A tale as old as time: Bette Midler has a one-woman show; a musical theatre performer flees her former professor. Last night, I saw I’ll Eat You Last, a one-woman biopic starring Bette Midler as the renowned show business agent Sue Mengers on the day Barbra Streisand fired her. A legend playing a legend talking shit about a legend. I needn’t say the adjective that best describes it. But I will: Legendary.
As we walked up to the theater, my friend spotted our former professor, a man whose approval I spent four years trying and failing to win, and I hid. In an almost silly way, like when a cat tries to sneak across the back of a sofa and falls off. I have a lot of affection for my old professor; he was tough but he gave me my first professional job. But last night, especially in the shadow of the Booth Theater, I just couldn’t face him.
I know that was silly. I have a great life and should be proud of it. The disappointment at having to change my path is small compared with all the great things I have now (improv, vacation time, self-esteem). I never regret leaving my old life until I run into someone from it.
Leaving theatre was the hardest thing I have ever done. Even though I do improv and cabarets, I feel like a fraud when I say I’m an actor. I’ve always defined an actor as someone who makes his or her living performing or someone whose main job and concern is finding the next working gig. I did that for five years; had I not had my vocal issues, I might still be doing it.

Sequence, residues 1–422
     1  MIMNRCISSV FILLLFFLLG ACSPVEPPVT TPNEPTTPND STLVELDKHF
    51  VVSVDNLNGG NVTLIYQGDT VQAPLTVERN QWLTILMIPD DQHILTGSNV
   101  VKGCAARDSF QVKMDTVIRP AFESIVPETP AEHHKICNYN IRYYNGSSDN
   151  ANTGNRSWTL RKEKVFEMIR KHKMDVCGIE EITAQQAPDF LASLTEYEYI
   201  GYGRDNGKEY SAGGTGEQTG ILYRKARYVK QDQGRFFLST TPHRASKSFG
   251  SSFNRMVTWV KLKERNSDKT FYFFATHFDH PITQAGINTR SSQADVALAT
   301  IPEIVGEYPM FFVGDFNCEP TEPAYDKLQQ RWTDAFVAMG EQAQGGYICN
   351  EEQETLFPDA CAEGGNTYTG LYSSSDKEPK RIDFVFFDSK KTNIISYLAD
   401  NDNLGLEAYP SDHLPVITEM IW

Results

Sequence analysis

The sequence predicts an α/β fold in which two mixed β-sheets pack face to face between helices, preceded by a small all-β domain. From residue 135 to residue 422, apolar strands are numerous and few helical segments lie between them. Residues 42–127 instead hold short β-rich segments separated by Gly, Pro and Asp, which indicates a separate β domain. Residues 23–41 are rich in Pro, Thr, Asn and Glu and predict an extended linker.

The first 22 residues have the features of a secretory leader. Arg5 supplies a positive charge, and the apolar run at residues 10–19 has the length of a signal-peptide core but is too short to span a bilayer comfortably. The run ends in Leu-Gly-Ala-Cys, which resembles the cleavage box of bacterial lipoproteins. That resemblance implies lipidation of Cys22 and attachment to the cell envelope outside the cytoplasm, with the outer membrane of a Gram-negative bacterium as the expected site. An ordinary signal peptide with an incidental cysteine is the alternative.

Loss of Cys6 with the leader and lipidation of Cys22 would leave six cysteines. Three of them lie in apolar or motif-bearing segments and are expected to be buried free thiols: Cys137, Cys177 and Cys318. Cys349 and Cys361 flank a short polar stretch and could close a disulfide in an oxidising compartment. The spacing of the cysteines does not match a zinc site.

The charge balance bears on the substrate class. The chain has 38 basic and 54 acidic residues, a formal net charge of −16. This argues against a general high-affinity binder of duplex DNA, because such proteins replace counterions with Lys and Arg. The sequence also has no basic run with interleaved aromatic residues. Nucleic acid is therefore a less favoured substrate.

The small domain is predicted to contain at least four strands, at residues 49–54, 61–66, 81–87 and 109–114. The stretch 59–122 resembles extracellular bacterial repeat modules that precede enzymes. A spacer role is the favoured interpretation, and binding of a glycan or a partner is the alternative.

As I carted my shit from open call to EPA, a lot of my classmates and auditions friends dropped out of the business. They became teachers, they went to graduate school, they got married and left New York, they burned out. I always felt superior to these people, the ones who couldn’t hack it. I said terrible things, “I’m just jealous you found something you love as much as this. I wish I could,” “Rejection can really get to you,” “I must be sick because I like the challenges.”
I now know how much those comments and the condescension behind them hurt because people have said them to me. People who are still sticking it out; those who are working and those who aren’t. The fear of being judged and pitied by my peers kept me in auditions far longer than my love of performing. That’s neurotic and narcissistic but that’s show business kids, ‘cause all of us were neurotic and narcissistic in our childhoods, or something like that. The takeaway, I guess, is that any big life decision comes with some major trade-offs. I’m still working to feel like I don’t have to justify mine to other people. Maybe by the time Bette Milder does her next show, I’ll be ready.